Bruno is home.
I don’t have the words to express, how such a small, timid dog with separation anxiety issues, can fill up a space, transforming it into a home.
Once upon a time, a puppy was born to a family of championship/show lines, in Australia. Unfortunately for him, but fortunately for us, his testes didn’t quite descend.
There was ample room in our lives for a dog in need of a home.
Angel and Bruno co-existed peacefully, but Bruno was not exactly interested in being friends. He was too preoccupied with keeping me in constant sight.
Extremely agile, eager to please, he found a way to climb onto my work spaces, keeping watch over me. I who have been so lucky to have lived with dogs all my life, found myself with an interesting challenge.
When the time came to relocate to London, the challenge escalated. Foremost, an administrative mountain to scale. To make matters more colourful, I decided the most humane way forward was to keep him with me, in flight and transit. Then there was the added obstacle- yes, KLM, Lufthansa, Air France will fly a dog in-cabin, but. You can’t fly a dog in-cabin to Blighty.
I like to believe that mountains exist to fuel imagination, humour, courage. And so, as I combed through paperwork, international laws and jargon, I began preparing Bruno for a 15- hr journey from Singapore to Amsterdam.
To begin, he needed to learn how to stay calm in a bag.
I started with a very relaxed approach, associating the bag with food and shelter.
For 3 months before actual departure, we practised this at meal times. Then I extended his walks- both in duration, and by deliberately trying to introduce him to as much stimuli as possible.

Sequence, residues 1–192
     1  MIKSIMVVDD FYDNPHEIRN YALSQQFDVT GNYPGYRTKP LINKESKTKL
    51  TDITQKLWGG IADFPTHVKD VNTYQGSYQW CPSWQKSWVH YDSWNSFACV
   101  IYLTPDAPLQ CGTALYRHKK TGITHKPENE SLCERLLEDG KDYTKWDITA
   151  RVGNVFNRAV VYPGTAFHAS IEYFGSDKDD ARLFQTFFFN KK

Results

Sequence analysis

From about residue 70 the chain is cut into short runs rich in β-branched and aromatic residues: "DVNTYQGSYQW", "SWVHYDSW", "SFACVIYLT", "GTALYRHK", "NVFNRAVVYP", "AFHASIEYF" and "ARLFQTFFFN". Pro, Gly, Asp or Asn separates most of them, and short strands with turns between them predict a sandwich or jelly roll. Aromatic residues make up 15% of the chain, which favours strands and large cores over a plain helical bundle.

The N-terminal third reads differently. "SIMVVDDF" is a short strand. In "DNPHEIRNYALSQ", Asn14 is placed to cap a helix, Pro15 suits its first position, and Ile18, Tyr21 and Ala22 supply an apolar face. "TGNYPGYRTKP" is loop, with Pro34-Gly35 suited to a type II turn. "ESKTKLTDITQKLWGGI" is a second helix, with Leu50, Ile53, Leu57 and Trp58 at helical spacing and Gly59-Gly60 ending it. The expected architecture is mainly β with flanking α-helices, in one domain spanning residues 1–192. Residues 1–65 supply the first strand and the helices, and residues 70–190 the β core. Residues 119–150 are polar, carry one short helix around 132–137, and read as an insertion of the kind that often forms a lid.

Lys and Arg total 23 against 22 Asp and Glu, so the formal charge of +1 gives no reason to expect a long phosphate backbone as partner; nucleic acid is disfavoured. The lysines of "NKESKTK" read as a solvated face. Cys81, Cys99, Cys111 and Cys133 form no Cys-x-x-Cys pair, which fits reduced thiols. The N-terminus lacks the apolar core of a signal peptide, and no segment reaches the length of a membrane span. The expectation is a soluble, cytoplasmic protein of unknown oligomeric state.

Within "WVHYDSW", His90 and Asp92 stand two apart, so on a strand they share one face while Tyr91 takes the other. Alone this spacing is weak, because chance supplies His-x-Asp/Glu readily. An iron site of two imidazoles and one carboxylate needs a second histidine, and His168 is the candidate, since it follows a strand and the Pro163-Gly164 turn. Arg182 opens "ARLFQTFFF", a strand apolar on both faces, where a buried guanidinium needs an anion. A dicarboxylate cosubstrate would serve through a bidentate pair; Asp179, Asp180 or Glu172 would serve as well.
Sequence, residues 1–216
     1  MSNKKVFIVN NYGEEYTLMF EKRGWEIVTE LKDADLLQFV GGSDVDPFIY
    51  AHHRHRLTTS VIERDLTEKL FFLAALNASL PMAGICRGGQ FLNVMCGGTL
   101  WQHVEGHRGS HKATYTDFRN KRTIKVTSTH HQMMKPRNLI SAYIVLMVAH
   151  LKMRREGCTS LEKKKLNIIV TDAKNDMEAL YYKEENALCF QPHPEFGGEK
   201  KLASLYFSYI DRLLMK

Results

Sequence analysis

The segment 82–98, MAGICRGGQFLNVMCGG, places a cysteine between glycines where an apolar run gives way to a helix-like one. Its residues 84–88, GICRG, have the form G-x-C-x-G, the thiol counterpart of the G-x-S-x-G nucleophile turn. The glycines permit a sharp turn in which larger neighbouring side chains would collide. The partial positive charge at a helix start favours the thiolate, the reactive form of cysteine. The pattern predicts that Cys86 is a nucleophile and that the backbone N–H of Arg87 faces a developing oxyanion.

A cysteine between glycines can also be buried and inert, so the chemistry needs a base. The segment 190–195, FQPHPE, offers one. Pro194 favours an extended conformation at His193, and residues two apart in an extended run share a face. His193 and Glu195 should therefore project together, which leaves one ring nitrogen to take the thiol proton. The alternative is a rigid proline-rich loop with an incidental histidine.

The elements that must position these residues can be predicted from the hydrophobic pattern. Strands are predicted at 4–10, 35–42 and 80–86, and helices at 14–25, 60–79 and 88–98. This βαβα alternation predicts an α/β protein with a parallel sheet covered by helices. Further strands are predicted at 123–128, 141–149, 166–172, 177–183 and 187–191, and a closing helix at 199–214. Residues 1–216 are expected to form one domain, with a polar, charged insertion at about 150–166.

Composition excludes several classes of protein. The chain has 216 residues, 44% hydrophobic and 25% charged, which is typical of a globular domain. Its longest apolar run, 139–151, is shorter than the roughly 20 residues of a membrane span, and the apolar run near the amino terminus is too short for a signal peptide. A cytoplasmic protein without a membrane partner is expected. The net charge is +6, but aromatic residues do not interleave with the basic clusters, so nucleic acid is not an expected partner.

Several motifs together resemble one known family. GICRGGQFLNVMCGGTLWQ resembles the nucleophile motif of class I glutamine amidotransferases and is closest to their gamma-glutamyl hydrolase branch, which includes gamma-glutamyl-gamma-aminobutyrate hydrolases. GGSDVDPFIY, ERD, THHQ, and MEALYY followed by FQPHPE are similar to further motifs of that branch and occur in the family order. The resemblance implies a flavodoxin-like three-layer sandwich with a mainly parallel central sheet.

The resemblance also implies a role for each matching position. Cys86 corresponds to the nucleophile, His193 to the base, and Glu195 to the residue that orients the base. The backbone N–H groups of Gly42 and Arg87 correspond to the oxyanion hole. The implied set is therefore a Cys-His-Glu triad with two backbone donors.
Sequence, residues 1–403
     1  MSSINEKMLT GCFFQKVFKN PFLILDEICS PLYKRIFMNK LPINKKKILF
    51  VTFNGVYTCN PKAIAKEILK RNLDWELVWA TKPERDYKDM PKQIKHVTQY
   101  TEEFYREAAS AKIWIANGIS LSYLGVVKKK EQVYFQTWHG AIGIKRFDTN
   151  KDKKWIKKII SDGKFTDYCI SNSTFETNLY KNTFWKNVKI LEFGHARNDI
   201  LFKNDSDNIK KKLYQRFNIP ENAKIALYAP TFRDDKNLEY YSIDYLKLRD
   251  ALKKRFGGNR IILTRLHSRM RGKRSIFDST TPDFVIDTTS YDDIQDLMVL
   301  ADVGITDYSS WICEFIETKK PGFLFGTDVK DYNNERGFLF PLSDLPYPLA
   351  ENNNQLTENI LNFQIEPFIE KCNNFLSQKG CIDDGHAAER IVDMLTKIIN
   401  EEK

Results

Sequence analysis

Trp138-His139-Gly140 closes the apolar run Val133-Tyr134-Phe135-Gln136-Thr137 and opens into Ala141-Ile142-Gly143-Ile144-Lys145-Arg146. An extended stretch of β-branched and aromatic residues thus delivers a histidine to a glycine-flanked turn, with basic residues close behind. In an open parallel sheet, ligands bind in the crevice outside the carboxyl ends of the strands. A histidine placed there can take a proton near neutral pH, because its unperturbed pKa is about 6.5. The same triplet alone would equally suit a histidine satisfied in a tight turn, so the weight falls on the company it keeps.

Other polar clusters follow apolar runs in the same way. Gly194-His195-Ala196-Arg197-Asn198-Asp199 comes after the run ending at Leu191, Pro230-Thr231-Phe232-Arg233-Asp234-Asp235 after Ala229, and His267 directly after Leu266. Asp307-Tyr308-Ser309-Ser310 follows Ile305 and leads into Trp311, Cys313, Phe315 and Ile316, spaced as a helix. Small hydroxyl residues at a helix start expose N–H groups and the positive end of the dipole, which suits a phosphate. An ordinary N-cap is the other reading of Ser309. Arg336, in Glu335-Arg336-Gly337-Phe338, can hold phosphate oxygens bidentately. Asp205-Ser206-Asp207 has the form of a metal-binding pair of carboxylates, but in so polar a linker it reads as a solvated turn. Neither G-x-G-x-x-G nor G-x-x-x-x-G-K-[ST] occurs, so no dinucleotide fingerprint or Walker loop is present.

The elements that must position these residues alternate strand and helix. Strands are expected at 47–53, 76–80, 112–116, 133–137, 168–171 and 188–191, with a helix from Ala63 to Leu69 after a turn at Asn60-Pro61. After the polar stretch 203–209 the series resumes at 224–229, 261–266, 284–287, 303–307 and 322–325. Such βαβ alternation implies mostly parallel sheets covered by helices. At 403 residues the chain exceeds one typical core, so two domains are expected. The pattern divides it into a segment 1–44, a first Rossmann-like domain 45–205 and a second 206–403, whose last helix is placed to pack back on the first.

The latter required thinking out of the box, as Singapore is not dog-friendly.
Off-lead work was introduced along the Singapore River.
Whenever he needed to rest, I encouraged him to nap in his bag.
I also started driving Bruno and bag around.
2 weeks to departure, I introduced the idea of him being zipped up in his bag,
Then I shoved Bruno and bag underneath our couch, simulating the environment he would be traveling in, on board our upcoming flight.
We practised all of the above many times a day, for brief periods to keep the experience pleasant and “natural” for him. Finally, on that fateful day, 3 summers ago, we made our way to Changi International Airport…
15 hours later, we arrived safely at Schipol…
And then finding some place canal-side, to rest.
Next, we had to establish his residency.
From Amsterdam, we then travelled to Paris, crossed the Channel into the UK. Whenever I look at Bruno and think of that odyssey we made, I remember how far we came, literally and metaphorically.
I also remember, that surely all things are possible.
If only we dare bother and believe.